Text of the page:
Posted August 22, 2014
The national standard for ground-level ozone hardly needs tinkering. As noted earlier this year by Howard Feldman, API’s director of scientific and regulatory affairs, air quality in the U.S. has been steadily improving in recent years, and the health case for a more stringent ozone standard, which EPA may propose, hasn’t been made:
“We recognize that EPA has a statutory duty to periodically review the standards. However, the current review of health studies has not identified compelling evidence for more stringent standards. Tightened standards could impose unachievable emission reduction requirements on virtually every part of the nation, including rural and undeveloped areas. These could be the costliest EPA regulations ever.”
Costly nationally and to the states individually. A report for the National Association of Manufacturers says the U.S. could see a $270 billion per year reduction in GDP and 2.9 million fewer job equivalents per year on average through 2040. We’ve looked at potential state impacts in North Carolina, Ohio, Louisiana, Kentucky and Michigan. Today, Arkansas:
Posted August 21, 2014
Wall Street Journal: U.S. economic growth accelerated in the second half of 2013 before unexpectedly contracting early this year. But growth late last year was uneven across the nation, with some energy-rich states leading the pack while economies slowed in New England and on the Plains.
That’s according to new data released Wednesday by the Commerce Department. The agency already reported gross domestic product for the nation on a quarterly basis and at the state level annually. Now, it has offered a quarterly breakdown for state-level GDP data through the end of 2013. The data are volatile from quarter to quarter, but allow a finer understanding of the ups and downs in regional economies.
Posted August 19, 2014
It is challenging to strike a balance between traditional energy sources, such as coal, oil and natural gas, and emerging renewables like wind and biomass. The Virginia Energy Plan, updated every four years by the Department of Mines, Minerals and Energy, serves as a guide.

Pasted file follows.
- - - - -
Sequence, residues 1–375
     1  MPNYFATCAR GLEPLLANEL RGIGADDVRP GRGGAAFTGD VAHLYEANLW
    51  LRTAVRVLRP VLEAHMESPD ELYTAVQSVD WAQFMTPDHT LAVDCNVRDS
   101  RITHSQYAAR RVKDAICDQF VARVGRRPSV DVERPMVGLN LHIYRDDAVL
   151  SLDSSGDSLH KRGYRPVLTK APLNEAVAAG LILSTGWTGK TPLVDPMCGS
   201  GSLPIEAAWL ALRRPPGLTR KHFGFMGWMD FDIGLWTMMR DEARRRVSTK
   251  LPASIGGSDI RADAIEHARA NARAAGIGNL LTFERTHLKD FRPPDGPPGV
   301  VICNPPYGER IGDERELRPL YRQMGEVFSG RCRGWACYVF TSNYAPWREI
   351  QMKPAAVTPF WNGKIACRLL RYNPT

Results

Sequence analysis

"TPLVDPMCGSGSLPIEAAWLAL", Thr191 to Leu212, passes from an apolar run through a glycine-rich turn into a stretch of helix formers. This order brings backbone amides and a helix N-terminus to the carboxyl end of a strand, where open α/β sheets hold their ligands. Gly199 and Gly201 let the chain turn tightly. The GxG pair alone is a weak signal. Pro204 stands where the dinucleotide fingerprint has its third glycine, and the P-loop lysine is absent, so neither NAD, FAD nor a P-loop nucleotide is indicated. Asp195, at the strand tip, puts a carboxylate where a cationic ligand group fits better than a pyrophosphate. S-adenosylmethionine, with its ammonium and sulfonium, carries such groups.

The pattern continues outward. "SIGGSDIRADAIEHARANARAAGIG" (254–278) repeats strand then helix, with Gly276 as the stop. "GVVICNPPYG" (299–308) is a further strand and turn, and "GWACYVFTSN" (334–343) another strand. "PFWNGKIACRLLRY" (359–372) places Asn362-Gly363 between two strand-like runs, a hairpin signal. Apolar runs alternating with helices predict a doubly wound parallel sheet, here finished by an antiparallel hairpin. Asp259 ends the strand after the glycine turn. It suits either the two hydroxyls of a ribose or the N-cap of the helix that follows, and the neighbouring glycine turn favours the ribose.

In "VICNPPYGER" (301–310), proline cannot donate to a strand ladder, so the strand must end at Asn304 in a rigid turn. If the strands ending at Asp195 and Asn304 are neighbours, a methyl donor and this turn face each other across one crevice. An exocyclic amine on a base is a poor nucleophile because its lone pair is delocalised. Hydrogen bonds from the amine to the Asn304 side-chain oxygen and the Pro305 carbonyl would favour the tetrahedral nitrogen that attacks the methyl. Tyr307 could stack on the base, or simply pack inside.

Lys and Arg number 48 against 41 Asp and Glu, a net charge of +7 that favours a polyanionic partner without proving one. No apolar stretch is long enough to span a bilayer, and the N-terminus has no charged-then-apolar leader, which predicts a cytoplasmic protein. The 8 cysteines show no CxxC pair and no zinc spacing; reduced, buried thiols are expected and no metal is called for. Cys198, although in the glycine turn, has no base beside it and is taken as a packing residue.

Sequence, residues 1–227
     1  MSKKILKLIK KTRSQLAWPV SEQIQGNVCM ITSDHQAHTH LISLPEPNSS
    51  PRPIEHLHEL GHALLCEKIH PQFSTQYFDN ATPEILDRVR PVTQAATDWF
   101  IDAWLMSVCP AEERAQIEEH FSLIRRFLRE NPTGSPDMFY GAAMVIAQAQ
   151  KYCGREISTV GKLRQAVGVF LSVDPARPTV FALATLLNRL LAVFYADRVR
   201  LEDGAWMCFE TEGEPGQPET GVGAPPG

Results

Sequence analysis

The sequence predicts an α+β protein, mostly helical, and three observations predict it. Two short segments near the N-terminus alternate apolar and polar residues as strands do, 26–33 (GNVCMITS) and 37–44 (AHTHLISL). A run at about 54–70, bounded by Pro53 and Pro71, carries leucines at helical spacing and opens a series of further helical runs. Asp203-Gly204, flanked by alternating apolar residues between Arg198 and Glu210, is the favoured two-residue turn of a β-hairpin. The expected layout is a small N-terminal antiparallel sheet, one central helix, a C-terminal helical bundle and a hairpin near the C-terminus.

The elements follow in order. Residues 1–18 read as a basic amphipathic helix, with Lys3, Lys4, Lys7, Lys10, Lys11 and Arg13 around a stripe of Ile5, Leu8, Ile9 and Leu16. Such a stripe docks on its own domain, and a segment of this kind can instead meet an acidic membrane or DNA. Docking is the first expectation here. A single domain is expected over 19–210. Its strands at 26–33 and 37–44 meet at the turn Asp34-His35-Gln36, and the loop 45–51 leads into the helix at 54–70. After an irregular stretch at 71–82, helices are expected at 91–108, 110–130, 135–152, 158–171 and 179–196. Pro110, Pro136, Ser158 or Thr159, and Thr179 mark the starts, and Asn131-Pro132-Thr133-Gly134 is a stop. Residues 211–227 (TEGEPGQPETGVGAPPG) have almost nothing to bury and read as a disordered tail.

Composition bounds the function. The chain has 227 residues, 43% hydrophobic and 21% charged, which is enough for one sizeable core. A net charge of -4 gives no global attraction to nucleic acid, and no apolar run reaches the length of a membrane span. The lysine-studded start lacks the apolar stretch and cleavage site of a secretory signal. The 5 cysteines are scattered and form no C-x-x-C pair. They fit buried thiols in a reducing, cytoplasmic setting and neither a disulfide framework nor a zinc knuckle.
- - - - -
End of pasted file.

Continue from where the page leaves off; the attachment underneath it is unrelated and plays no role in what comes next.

Posted August 18, 2014
Albuquerque Journal (Former Sen. Pete Domenici): America has been handed a great gift, the gift of technological breakthroughs like horizontal drilling and hydraulic fracturing for oils and natural gas.
This gift, if we handle it properly, has the potential not only to free our nation from being hostage to other nations, but to allow Europe and other regions to free themselves from the tyranny of dependence on Russian sources of oil and gas.
Think how much differently our allies in Europe would behave in this time of crisis if they had the infrastructure, and the access, to handle natural gas and oil from America, Canada and Mexico.
New Mexico has played an important, I would say critical, role in this potential geopolitical and economic revolution.
Posted August 15, 2014
Forbes: The U.S. arm of the Stockholm Environment Institute (SEI) has been making news this week with a ‘new’ report claiming the Obama Administration drastically underestimated carbon emissions of the proposed Keystone XL pipeline. The report seeks to make the case as to why the final portion of the Keystone pipeline system should not be built.
As tantalizing as the report sounds, supporters of the pipeline have been quick to point out the report is actually a recycled 2013 SEI report which the State Department took into account, and largely dismissed.
Posted August 13, 2014
Bloomberg Businessweek: Fighting across Iraq, Libya, Ukraine and Gaza, and an accelerating economy, should mean higher oil prices. Yet crude is falling.
Six years ago, oil soared to a record $147 a barrel as tension mounted over Iran’s nuclear program and the world economy had just seen the strongest period of sustained growth since the 1970s. Now, West Texas Intermediate, the U.S. benchmark price, has traded below $100 for 10 days and Brent, the European equivalent, tumbled to a 13-month low.